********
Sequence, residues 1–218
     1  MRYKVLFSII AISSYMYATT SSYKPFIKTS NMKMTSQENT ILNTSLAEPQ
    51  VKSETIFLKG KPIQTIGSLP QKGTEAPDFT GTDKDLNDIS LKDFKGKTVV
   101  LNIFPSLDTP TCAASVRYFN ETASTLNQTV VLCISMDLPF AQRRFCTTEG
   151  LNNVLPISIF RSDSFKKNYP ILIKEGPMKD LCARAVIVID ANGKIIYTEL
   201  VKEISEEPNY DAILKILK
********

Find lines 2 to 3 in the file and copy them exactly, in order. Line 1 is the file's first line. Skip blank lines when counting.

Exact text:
     1  MRYKVLFSII AISSYMYATT SSYKPFIKTS NMKMTSQENT ILNTSLAEPQ
    51  VKSETIFLKG KPIQTIGSLP QKGTEAPDFT GTDKDLNDIS LKDFKGKTVV